What works in training would sell it, too
My first job out of college was with Procter & Gamble, selling toothpaste, and the training was intense. I remember the trainer telling me that the hardest part of teaching a new salesman was trying to figure out how much he needed to know before you turned him loose. I wanted to know it all! A few years later my CFI was trying to decide if he had taught me enough to take the checkride for my private pilot certificate. Again, I wanted to know it all.
Since then, it has become all too obvious that we never know it all. The teacher must always make that all-important decision: Does the student know enough to move on to the next step?
Therein lies the importance of the structured training program. It is decided in advance what the student must learn before moving on to each next step. That doesn't eliminate the decision to be made by the teacher, but it does make it a simpler, better-informed decision.
My wife and I just spent a good part of a day trying to train a salesperson for a job that has no structured training program. This job is a new concept--an experiment. Frankly, I am worried lest I lead the trainee astray, that I try to train her too much or too little; that she won't be able to make enough money.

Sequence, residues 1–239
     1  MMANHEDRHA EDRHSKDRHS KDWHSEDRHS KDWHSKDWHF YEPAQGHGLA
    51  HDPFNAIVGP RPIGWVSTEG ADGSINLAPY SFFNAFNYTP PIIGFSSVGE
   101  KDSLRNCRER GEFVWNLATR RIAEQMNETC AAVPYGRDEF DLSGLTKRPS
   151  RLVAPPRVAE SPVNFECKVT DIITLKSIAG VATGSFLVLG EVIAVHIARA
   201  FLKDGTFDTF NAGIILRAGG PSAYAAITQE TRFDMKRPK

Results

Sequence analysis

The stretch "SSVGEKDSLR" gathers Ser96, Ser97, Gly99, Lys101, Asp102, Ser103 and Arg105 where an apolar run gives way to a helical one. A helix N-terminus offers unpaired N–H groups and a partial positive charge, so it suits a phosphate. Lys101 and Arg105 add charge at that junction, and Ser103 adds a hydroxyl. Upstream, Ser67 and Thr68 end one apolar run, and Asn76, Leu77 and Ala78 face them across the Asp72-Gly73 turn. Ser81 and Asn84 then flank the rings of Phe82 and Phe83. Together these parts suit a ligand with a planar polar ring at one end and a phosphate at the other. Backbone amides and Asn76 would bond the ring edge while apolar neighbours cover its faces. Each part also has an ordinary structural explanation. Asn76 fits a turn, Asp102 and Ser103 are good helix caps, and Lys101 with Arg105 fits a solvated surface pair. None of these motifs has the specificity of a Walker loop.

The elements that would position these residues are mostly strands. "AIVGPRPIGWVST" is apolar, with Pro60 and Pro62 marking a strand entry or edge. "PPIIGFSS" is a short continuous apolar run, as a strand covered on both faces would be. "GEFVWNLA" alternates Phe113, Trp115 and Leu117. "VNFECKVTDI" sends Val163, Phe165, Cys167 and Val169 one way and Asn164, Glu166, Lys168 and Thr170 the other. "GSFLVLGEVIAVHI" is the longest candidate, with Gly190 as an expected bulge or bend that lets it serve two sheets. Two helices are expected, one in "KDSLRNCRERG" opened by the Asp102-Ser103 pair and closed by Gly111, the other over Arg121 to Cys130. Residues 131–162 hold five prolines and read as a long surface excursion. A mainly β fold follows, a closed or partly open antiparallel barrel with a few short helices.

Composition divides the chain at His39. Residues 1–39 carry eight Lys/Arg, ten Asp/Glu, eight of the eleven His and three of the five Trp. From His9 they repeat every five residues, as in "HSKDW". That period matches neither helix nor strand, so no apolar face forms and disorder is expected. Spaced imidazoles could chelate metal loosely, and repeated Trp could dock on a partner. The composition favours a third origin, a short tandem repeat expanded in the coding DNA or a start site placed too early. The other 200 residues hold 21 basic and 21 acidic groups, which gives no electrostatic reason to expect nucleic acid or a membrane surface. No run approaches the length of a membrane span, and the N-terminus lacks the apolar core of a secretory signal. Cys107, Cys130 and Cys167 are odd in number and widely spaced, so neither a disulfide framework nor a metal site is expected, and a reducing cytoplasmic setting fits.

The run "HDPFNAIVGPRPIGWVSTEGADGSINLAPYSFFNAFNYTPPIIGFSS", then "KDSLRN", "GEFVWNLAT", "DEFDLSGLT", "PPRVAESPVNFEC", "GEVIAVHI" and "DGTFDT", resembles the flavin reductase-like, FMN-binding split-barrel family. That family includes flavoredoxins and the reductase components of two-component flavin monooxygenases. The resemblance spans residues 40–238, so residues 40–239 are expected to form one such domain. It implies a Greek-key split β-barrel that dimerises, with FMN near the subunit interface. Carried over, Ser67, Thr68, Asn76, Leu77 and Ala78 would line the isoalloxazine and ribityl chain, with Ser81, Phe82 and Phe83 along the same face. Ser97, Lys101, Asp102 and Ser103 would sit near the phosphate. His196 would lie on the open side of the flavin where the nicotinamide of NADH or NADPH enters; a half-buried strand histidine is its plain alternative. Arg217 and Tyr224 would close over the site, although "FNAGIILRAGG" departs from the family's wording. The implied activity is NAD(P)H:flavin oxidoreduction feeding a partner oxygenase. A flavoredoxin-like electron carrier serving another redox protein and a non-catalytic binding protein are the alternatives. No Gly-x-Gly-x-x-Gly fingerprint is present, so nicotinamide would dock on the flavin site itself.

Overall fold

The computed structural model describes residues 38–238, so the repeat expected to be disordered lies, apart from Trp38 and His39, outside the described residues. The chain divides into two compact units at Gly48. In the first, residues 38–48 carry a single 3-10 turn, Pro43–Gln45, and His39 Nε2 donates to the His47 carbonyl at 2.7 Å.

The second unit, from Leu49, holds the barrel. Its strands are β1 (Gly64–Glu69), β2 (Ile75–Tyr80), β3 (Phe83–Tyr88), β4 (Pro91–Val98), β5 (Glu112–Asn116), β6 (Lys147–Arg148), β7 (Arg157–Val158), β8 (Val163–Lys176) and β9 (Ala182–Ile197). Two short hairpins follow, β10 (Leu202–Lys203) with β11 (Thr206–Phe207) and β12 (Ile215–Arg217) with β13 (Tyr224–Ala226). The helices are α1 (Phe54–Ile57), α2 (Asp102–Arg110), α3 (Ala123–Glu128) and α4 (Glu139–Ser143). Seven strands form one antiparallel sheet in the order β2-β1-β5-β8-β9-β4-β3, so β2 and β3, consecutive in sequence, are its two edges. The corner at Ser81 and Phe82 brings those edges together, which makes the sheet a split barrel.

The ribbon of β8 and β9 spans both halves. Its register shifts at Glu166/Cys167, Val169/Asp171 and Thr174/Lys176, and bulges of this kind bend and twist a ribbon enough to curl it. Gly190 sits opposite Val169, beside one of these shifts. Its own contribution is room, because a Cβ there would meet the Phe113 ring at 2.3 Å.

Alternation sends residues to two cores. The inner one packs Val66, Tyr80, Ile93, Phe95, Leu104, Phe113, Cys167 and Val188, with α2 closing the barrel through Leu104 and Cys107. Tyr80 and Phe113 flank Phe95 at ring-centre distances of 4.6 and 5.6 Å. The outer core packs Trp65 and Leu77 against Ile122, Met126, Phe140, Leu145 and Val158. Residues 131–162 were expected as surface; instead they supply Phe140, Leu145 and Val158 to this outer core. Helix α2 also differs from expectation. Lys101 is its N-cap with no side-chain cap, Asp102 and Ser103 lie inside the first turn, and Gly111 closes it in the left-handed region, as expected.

Lord, what I would give for a structured training program for her--a manual that would assure me that starting here and moving through to there would do the job. I'd give a lot for a set of lessons put together by real experts on the subject.
The funny thing is that I remember introducing some of those structured courses to CFIs back in the 1970s. They were not always welcome. Some of the old pros were convinced that no book, video, or set of lessons could teach flying as well as they.
Today, I think almost everybody agrees that structured training programs that include planned objectives at each step have been and are a great help to students, CFIs, and the industry.
Will we ever accept the idea that a planned, by-the-book sales effort for flight training could be equally beneficial? It makes so much sense that it's hard for me to see why there could be resistance to the concept. And yes, it could help safety. Desperate flight schools and desperate CFIs have a great incentive to keep--rather than flunk out--students who obviously shouldn't be flying. Schools with more students than they need can afford to be tougher on standards. Such programs do work. I have seen them work whenever, wherever, and by whomever they have been honestly tried. No exceptions.
Ralph Hood, an aviation speaker and writer, has been flying since 1971 and has more than 3,000 hours of flight time. He is a multiengine commercial pilot with an instrument rating. Visit his Web site.
By Ralph Hood